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seems to be dissipating and now back in negative territory as we speak. 3186 a barrel. look at the sector weakness. we're seeing weakness in particular in the industrials as well as the financials. interesting because even though we bounced off the lows for the broader indices, the financials are sitting close to session lows right now. let's bring in david seeburg, head of trading with cowan and company for more on this. it is interesting. seems like a technically driven trade today. we have the european close. we have crude bounce higher. then the markets followed higher too. in this market environment, what are you trading? >> well, i mean, look, our desk has been extremely quiet today. we have watched obviously oil coming in this morning, considerably lower. the gasoline numbers, the drawdown in inventory suggesting some demand. you saw crack spreads rally. oil begins to rally, taking the market higher, in conjunction with the european market close. we start to see a little bit of a bid from that perspective.
look, it is generally a really lackluster day. i think a lot of people in the financial names, you know, they have really used it as a trading vehicle. we talked about it on fast the other night. >> jpmorgan -- >> absolutely spooked a little bit in the last day and a half or so, you see selling. they talk about them renting trades for upside and basically getting out as quick as they can, when they fear any sort of, like, offset or downside risk. so i think, look, we're in a range now. we talk about 1950 being a level you start to sell and maybe it is 1850ish, 1875, where we probably see a little bit of support. but we're really range bound now. >> is there any catalyst you can envision that would cause the stock market to take a big leg up other than oil? >> well, i mean, look, you know, one catalyst that comes to mind would be m & a. we talked about the topline growth for the companies. these ceos need to go on a limb,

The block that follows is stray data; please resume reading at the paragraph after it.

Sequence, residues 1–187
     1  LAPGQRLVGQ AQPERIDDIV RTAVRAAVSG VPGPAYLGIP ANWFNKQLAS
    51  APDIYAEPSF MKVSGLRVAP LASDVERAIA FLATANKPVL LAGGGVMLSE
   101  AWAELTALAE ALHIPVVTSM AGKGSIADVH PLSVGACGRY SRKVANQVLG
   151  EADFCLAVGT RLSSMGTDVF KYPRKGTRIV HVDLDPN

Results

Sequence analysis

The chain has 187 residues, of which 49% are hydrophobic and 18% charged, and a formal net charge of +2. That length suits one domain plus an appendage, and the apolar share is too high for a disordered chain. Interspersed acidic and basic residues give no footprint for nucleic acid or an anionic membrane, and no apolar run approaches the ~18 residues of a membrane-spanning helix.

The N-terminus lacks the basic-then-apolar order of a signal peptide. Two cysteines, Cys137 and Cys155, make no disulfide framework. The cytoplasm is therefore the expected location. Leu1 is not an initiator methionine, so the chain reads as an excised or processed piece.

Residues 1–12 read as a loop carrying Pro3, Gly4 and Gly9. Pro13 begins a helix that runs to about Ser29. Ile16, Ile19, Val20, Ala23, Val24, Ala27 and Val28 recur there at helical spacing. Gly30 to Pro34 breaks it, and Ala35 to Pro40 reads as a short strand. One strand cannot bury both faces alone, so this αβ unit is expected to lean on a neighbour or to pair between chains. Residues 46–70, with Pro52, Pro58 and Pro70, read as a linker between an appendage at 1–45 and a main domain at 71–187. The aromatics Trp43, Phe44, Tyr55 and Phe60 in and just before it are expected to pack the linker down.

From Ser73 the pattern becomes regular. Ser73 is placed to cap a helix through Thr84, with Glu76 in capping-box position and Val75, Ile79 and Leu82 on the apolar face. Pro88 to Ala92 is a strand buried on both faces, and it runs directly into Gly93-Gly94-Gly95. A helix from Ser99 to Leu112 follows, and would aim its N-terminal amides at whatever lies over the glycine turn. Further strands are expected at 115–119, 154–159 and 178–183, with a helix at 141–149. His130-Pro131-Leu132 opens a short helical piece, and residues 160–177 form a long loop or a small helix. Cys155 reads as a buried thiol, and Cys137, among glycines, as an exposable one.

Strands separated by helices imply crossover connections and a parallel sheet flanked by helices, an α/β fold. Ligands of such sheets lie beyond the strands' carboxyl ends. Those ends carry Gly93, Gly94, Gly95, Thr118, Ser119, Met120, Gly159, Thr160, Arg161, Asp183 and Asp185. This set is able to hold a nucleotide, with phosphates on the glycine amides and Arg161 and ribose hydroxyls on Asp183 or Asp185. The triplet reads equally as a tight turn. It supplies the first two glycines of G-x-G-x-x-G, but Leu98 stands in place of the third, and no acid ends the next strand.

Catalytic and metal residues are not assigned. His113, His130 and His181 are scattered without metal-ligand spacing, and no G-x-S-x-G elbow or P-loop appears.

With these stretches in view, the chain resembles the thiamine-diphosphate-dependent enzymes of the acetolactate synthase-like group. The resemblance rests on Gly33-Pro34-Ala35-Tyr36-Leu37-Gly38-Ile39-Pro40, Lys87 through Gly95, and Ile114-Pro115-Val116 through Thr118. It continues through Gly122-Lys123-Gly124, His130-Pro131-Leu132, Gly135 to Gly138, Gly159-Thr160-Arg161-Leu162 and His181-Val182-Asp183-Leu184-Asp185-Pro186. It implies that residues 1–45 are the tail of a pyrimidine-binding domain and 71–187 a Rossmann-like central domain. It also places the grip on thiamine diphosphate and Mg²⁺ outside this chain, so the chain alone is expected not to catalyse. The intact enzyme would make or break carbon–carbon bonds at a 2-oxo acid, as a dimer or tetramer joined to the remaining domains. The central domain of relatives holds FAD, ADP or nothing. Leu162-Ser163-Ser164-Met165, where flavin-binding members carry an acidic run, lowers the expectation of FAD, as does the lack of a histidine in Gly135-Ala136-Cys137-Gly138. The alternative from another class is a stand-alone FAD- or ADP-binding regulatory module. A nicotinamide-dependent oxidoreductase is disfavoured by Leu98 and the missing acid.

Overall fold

figure out -- >> why would m&a be a driver when it is going to be driven by a search for growth. that's -- the companies are at the end of their ropes in terps terms of growing their business. >> they got a bolt on product, create synergy, cut costs, and find a way to bolt on to a topline growth scenario where they drive earnings. there is really -- especially in scenarios where you're seeing some industries slowing down a little bit, figuring out a way for cost synergy is an important thing to figure out a way to drive that, that -- those earnings in order to keep things moving in the right direction. i think the companies are struggling to find, you know -- to drive earnings here and to find that revenue sort of grow. >> defensive mergers, not offensive. >> defensive, correct, absolutely. no question about it. look, and, i mean, the energy